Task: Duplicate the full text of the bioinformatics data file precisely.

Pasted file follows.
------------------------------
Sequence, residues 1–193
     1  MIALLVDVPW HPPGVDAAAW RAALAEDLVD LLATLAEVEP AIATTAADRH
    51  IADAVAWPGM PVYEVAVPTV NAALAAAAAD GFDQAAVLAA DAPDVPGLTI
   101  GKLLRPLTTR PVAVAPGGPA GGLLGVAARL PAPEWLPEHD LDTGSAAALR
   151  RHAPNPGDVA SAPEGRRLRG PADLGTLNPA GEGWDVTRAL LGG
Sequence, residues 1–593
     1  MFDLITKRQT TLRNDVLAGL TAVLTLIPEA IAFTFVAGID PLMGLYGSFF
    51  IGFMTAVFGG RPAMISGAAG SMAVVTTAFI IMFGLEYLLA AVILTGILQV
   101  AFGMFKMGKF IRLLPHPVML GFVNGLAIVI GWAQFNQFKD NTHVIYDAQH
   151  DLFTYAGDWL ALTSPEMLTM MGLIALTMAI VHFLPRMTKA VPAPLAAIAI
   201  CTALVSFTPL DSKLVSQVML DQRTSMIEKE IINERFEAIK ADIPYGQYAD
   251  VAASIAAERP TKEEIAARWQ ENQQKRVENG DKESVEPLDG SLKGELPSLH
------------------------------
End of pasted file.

Sequence, residues 1–193
     1  MIALLVDVPW HPPGVDAAAW RAALAEDLVD LLATLAEVEP AIATTAADRH
    51  IADAVAWPGM PVYEVAVPTV NAALAAAAAD GFDQAAVLAA DAPDVPGLTI
   101  GKLLRPLTTR PVAVAPGGPA GGLLGVAARL PAPEWLPEHD LDTGSAAALR
   151  RHAPNPGDVA SAPEGRRLRG PADLGTLNPA GEGWDVTRAL LGG
Sequence, residues 1–593
     1  MFDLITKRQT TLRNDVLAGL TAVLTLIPEA IAFTFVAGID PLMGLYGSFF
    51  IGFMTAVFGG RPAMISGAAG SMAVVTTAFI IMFGLEYLLA AVILTGILQV
   101  AFGMFKMGKF IRLLPHPVML GFVNGLAIVI GWAQFNQFKD NTHVIYDAQH
   151  DLFTYAGDWL ALTSPEMLTM MGLIALTMAI VHFLPRMTKA VPAPLAAIAI
   201  CTALVSFTPL DSKLVSQVML DQRTSMIEKE IINERFEAIK ADIPYGQYAD
   251  VAASIAAERP TKEEIAARWQ ENQQKRVENG DKESVEPLDG SLKGELPSLH